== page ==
Inconsistency, thy name is Diabetes.

I realized two things while beginning this post:

1. Holy craps it’s been a long time since I’ve posted anything.See what I did there?

2. I still have not finished my two-parter I started so many months ago.

We’re (and by we I mean me) going to work on that.

But I wanted to address something!

Diabetes, type 1 or type 2, sucks. It’s not fun, it’s not cool, and it rarely gets you as much sympathy as something like–well insert your own disease that is typically considered “serious” so I don’t offend anyone. Let’s just say I said lupus.

Now all of us know that diabetes is a serious disease so we can scoot past that discussion, but it’s also an extremely discouraging one.

For TTD’s you’re faced with stupid stuff like this on a daily basis:

This was the tray insert at McDonalds in Beaver Dam, Wisconsin. Really McDonalds? That piece of paper says, “Eat well!” It should say, “Eat well and P.S., BTW, don’t eat here!”

(And yes, half of that is my food…)

For certain TODs, part of your pancreas still functions or at least secretes insulin occasionally. Same with TTDs. Your pancreas still works, your body is just resistant to the insulin your body puts out. This means that some days, or some weeks, or some months your body may secrete and be very receptive to the insulin it’s producing. THIS means that having consistent blood sugars goes out the window. And you can’t prepare for it.

As much as I hate to say this, the only way to really understand when this is happening to you is to check your blood sugars. Without that data, you really can’t know what you’re dealing with.

I like to write EVERYTHING down so that I know my blood sugar is high/low because I missed some insulin or I ate something that spiked my sugars or I exercised some time the week before… the only downside to writing everything down is that it is really easy to get sick of doing it and just quit.

Someone I love very much was recently given the gift of TTD. He has literally busted his butt and completely changed his WHOLE life to adapt. He even eats vegetables now. He lost a ton of weight and walks miles and miles a day.

Honestly, this man now eats fruit and vegetables, drinks soy milk, exercises twice a day, and is just in general an exemplary diabetic.

His sugars are almost always low 100’s.

But he went to his doctor the other day and had an A1C done (which was UNDER the limit for diabetes) and sent me an email that sounded a little bit discouraged because his A1C was not as low as he was expecting.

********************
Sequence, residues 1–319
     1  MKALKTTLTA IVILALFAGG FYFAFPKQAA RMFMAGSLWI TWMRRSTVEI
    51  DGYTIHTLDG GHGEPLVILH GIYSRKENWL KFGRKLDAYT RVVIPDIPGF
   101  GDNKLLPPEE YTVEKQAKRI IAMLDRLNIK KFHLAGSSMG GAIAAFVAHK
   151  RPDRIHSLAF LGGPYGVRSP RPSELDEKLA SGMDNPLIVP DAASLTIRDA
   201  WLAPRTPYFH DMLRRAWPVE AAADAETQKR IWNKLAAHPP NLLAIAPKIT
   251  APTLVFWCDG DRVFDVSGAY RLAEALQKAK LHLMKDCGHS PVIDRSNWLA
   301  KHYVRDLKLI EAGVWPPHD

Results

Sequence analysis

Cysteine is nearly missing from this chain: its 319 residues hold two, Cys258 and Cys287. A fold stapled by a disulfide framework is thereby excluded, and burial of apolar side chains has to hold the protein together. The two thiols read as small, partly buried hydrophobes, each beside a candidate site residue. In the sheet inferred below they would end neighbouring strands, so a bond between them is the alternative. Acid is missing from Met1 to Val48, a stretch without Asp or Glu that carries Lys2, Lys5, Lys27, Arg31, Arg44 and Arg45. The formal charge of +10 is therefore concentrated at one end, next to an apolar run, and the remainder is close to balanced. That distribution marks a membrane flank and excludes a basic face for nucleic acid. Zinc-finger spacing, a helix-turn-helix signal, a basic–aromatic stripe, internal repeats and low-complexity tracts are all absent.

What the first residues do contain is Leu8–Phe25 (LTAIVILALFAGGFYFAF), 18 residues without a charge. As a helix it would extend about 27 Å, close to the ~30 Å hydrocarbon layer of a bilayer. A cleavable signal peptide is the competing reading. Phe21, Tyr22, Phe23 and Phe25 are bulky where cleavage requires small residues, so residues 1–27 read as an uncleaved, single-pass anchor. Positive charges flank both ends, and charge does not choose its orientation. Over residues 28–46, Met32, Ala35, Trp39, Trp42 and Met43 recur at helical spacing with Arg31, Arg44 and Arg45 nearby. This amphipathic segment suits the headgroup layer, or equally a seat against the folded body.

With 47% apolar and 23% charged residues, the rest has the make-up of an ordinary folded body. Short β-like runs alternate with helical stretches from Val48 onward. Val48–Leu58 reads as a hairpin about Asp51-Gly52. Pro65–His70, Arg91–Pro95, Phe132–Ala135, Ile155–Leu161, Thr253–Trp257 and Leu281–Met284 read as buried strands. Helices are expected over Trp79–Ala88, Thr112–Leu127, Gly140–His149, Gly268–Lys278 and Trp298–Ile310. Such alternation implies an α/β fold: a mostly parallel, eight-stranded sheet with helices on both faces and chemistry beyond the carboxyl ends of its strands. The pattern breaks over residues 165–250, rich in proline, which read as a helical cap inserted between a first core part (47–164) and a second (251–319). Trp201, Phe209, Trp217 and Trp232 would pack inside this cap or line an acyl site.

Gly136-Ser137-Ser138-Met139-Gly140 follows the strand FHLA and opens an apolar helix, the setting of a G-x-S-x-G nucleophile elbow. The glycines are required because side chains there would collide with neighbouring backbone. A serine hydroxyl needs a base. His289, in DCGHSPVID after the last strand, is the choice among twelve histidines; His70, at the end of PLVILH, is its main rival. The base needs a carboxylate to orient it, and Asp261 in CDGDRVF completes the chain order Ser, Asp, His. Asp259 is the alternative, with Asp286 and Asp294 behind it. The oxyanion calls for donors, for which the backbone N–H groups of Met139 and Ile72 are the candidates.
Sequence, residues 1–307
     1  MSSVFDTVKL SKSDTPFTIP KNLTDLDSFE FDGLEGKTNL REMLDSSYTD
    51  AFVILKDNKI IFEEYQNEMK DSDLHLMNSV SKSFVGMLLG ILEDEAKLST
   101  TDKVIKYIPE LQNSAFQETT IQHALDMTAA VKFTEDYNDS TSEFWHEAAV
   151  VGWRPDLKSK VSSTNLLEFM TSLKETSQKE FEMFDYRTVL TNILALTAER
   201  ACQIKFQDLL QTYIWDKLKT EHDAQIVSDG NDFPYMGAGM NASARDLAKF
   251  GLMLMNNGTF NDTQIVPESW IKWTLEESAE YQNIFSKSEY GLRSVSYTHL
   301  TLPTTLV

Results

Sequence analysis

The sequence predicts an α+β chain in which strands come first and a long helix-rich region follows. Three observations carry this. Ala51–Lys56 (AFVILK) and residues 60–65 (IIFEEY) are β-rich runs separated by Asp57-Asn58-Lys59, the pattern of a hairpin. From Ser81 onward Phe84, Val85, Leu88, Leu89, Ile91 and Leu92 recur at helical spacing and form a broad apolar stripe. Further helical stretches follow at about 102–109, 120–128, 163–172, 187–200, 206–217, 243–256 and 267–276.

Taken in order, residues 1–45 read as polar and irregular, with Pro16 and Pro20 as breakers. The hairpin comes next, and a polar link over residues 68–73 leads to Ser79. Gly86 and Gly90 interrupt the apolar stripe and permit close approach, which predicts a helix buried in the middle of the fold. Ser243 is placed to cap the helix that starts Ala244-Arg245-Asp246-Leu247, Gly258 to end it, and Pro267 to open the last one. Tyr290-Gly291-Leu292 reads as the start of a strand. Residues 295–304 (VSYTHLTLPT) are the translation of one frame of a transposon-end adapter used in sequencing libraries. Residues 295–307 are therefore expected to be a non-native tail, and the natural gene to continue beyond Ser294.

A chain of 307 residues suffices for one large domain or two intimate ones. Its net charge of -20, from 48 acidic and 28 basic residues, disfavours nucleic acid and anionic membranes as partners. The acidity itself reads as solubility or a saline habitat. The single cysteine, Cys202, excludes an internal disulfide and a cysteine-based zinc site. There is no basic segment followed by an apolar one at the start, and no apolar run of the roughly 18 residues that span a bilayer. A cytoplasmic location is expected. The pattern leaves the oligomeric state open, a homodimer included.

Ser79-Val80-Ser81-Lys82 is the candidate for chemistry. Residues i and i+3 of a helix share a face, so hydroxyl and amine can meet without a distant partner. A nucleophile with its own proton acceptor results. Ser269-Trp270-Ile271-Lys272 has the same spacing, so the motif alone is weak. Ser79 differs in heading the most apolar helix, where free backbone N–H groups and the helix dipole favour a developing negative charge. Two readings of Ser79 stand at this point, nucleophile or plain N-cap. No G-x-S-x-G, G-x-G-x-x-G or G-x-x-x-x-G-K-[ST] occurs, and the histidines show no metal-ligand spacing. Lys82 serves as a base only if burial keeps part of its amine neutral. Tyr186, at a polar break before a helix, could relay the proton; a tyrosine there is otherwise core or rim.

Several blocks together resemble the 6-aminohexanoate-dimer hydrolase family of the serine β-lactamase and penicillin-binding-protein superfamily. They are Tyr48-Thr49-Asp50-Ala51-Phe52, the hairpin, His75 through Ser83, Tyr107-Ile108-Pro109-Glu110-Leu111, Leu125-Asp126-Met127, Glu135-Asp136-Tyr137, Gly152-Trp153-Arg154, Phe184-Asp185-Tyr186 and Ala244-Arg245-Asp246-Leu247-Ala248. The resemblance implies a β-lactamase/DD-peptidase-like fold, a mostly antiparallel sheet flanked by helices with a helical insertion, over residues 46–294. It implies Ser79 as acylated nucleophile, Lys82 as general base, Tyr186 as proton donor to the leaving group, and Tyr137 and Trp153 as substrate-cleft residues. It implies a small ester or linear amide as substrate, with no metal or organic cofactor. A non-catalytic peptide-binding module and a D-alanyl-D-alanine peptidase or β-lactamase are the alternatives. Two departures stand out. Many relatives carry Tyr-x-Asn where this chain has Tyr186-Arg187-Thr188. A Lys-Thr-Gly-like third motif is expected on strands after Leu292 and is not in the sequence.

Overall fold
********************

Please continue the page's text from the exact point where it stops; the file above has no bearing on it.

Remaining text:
It breaks my heart that someone who is and has worked SO hard could still feel like they weren’t doing enough.

But that’s what diabetes is. It is a constant struggle, adaption and feeling inadequate.

So here’s what we’re going to do. We are going to give the proverbial middle finger (or whatever expression of disdain your culture has) to diabetes and it’s inconsistency.

No, it won’t change anything but I am of the opinion that it is healthy to express a little anger and it is OK to be mad about diabetes, it is the WORST.

Next, we are going to pat ourselves on the diabetes.

Good job us. Good job diabetes.

Now let’s move on. Try to remember that yeah, diabetes is a pain in the tukhus but we are doing our best so we deserve to feel good about ourselves.



Filed under How to: get diabetes.

Cool New Blog, I support you!

It has been such a long time since I’ve posted anything on “ye olde blog” and I apologize sincerely!

My dad recently became a member of the diabetes club and I owe him some good posts!

(Just in case anyone DIDN’T know, that is a member’s only jacket)

I think I’ve mentioned the fact that I work in a hospital in the Food Service and Nutrition Clinics. Because of this, I see a lot of nutritionists on a daily basis.

Two really great nutritionists from the hospital recently started a blog. I thought it’d be great to share the link here on Diabetiquette.

                         Nutrition Divas






Laura Isaacson                                                                                         Kelly Nuckolls

They don’t have much up so far, but as actual Registered Dietitians they will be able to offer some really stellar advice! And probably more accurate than mine…

I hope everyone had a great holiday season and more importantly, has stopped following the All-Potato-Chip Diet plan…


Filed under Uncategorized

Eyes, meet Stomach.

“You’ve enjoyed all the power you’ve been given, haven’t you? I wonder how you’d take to working in a pocket calculator…”

You, as a TOD have been given the power to control your metabolism. As a TTD, sadly, you’re up a creek sans paddle.

I’ve said before, that if I gave advice I’d try my best to help you follow that advice so here goes:

Portion Size.

Them is fightin’ words in some parts of the US. (Here’s looking at you, Wisconsin… and the South)

Regardless, portion size and portion control are important for any and all types of diabetics.

Over the years America’s portion sizes have grown out of control. Well most have grown and some, like vegetable portions, have shrunk. Some people call it portion distortion.

Now, I tend to shy away from eating foods that aren’t pre-packaged and drinking milk that doesn’t come in a carton because I never remember how to estimate how much half a cup of something is when I’m out at a restaurant or at a friend’s house or I just don’t care.


Let’s talk portion control. (Talking about this stuff always makes me want a cheeseburger)

I digress.

If you are a TTD and need a simple way to figure out how much food you should be eating, well welcome to diabetiquette!